To develop tropical crops best adapted to future environments harnessing genetic diversity is critical. While genebanks have preserved genetic diversity that could be utilised in crop improvement, a major bottleneck is the availability of low-cost, high-throughput methods to identify germplasm with desirable traits such as tolerance to drought or salinity. This project builds on technological advances including the use of drones mounted with sensors, low-cost computing, image analysis and genomics to design novel phenotyping solutions applicable to a range of tropical crops important to Australia and our nearest neighbours. This PhD project is an excellent opportunity for a dedicated student to obtain skills in crop improvement across commodity crops in Australia and contribute to international efforts to strengthen food security through agriculture for development.

Apply by 31 March 2022

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PhD scholarship: Study of the breeding of self-fertile macadamia cultivars

Principal Advisor: Professor Bruce Topp

Macadamia is predominantly a self-incompatible nut crop and this creates complications in commercial orchards with a requirement of cross-compatible cultivars and insect-pollinators. Some level of self-fertility has been identified in macadamia. Incorporation of self-fertility in elite cultivars may reduce production costs and assist in sustainable orchard production. The extent of this variability in our existing germplasm and the mechanism of self-compatibility is unclear. In addition, current trait-phenotyping is time consuming and costly. Exploiting genetic and molecular technologies may assist us in rapid selection of elite self-fertile cultivars.

Apply by 30 September 2022

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Principal Advisor: Dr Conny Turni

The use of in-feed antimicrobials are highly questioned by consumers and regulators. Post-weaning is a very sensible stage of piglet's life where anorexia and gut-related diseases produce a high toll on mortality and production cost. New strategies are required to prevent post-weaning diseases that require drug-related management. This is an exciting project with the objective to develop a holistic approach based on novel nutrition strategies that will allow antimicrobial-free diets in pig production. The project aims to stimulate early feed intake by maximising the beneficial effect of maternal conditioning using flavour signature of common sow's dietary cereals and pulses. Early feed intake will also requires the improvement of the digestibility capacity of the gut to prevent undigested material reaching the distal small intestine. On top of that, evolution of the microflora will be crucial to reduce the presence of pathogenic bacteria by stimulating healthy microbiota colonization.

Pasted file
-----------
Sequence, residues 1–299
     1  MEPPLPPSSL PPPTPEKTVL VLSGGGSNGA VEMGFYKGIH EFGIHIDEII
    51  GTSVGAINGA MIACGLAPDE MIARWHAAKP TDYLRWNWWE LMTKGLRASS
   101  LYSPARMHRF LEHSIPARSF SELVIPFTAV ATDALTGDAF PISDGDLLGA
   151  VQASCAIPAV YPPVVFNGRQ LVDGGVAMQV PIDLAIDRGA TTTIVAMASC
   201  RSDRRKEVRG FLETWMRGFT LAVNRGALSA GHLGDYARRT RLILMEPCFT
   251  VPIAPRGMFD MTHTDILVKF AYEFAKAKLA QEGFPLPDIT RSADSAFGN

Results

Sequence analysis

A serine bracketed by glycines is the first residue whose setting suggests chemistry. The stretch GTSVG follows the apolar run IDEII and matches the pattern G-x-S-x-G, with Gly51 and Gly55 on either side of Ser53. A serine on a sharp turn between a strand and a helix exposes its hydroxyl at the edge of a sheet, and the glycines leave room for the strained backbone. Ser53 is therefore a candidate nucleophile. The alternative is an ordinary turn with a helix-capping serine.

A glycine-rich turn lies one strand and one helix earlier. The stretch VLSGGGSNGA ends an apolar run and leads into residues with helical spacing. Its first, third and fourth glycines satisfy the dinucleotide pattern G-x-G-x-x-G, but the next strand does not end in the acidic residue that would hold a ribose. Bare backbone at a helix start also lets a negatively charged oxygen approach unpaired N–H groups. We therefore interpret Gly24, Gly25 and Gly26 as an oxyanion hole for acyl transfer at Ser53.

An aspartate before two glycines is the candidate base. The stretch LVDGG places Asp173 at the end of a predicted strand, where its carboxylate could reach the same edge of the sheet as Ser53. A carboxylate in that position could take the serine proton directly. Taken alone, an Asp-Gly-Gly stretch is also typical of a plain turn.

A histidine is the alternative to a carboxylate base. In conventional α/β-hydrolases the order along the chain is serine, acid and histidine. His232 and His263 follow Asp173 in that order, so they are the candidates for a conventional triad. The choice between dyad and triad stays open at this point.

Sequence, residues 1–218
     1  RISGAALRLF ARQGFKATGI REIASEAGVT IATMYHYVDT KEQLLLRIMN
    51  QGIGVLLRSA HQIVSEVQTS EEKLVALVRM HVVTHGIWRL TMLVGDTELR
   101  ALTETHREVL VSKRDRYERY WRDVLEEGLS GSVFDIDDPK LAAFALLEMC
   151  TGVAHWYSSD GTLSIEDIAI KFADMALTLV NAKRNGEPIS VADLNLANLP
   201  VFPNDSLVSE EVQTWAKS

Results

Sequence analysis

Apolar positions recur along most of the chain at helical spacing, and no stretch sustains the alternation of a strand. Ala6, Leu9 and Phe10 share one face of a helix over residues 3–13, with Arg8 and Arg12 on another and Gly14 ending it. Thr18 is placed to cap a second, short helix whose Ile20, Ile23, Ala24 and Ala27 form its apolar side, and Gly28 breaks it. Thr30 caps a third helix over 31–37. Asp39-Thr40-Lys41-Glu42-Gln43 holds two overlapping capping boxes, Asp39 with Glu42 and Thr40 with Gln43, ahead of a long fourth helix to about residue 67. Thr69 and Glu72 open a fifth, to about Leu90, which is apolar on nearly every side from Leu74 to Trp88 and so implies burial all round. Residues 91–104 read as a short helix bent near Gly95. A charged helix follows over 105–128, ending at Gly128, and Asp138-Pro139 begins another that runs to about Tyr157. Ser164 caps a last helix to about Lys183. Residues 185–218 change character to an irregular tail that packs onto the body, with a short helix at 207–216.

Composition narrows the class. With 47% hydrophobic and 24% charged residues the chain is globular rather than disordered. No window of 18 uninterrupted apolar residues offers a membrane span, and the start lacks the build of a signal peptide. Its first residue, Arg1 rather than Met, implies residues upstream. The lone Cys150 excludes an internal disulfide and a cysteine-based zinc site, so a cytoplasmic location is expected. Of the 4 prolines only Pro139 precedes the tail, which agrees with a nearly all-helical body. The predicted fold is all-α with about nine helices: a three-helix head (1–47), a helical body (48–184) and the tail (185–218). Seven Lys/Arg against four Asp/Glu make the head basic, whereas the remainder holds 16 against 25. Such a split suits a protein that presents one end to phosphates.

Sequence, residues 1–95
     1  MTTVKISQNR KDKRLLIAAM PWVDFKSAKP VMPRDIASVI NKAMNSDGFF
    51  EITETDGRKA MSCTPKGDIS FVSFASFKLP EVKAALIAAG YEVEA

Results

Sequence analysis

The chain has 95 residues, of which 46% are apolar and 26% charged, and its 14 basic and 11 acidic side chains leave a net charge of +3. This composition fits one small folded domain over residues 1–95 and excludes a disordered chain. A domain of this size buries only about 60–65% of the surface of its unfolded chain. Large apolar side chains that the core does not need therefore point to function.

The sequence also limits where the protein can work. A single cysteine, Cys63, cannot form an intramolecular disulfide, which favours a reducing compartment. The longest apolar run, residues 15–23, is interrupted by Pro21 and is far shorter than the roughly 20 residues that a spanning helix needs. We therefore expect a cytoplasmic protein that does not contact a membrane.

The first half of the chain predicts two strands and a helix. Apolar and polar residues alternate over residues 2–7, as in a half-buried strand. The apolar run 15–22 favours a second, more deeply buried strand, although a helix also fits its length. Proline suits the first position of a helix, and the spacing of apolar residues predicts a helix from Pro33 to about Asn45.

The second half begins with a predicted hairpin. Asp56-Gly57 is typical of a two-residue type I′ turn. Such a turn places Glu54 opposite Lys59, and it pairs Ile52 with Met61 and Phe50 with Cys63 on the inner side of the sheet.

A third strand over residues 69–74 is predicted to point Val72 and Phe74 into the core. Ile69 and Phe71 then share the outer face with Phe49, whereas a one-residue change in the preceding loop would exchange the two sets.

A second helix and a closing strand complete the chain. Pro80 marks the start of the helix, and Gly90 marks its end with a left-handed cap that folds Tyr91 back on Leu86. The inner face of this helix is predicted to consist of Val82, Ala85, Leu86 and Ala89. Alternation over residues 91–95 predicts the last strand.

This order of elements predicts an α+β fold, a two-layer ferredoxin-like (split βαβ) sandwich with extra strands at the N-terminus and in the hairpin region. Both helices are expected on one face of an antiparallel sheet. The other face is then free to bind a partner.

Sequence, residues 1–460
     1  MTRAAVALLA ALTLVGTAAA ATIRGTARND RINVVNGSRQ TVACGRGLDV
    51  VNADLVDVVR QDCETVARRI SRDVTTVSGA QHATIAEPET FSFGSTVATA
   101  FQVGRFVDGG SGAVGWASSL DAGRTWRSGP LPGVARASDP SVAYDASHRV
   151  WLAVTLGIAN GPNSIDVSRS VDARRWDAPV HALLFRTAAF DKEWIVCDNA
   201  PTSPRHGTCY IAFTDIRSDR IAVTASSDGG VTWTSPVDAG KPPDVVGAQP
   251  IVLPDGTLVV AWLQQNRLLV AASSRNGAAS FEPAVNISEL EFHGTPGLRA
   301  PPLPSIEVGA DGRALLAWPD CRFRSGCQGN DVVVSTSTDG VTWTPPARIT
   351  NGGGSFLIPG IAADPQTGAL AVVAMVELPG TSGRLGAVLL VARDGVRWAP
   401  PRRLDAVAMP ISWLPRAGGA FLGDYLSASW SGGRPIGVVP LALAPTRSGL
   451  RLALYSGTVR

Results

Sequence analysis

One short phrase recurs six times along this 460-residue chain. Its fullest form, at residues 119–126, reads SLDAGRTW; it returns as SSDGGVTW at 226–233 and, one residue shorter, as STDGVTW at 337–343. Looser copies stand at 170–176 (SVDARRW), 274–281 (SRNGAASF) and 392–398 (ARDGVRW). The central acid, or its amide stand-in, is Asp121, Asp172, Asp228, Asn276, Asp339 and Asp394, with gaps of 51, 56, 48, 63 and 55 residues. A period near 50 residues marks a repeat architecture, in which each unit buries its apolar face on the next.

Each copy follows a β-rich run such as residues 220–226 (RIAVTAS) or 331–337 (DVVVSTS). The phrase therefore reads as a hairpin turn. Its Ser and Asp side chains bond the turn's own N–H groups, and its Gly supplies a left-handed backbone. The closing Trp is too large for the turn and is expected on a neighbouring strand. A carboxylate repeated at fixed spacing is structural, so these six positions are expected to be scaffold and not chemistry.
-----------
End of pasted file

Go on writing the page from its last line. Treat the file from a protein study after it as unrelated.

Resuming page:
Apply by 31 December 2022

More info


PhD scholarship: A new horizon for crop protection: dsRNA-based biopesticides to target fungal pathogens

Principal Advisor: Professor Neena Mitter

RNA interference, or gene silencing, offers a significant opportunity to improve fungal disease resistance in plants. The main aim of this project is to assess the efficacy of Bioclay-delivered dsRNA for sustained protection against fungal pathogens. The project will include controlled environment bioassays and molecular investigations on the uptake and responses of selected crops and fungal isolates to the Bioclay-delivered RNAi molecules.

Apply by 30 September 2023

More info


PhD scholarship: Genetics of Fruit Sensory Preferences

Principal Advisor: Associate Professor Heather Smyth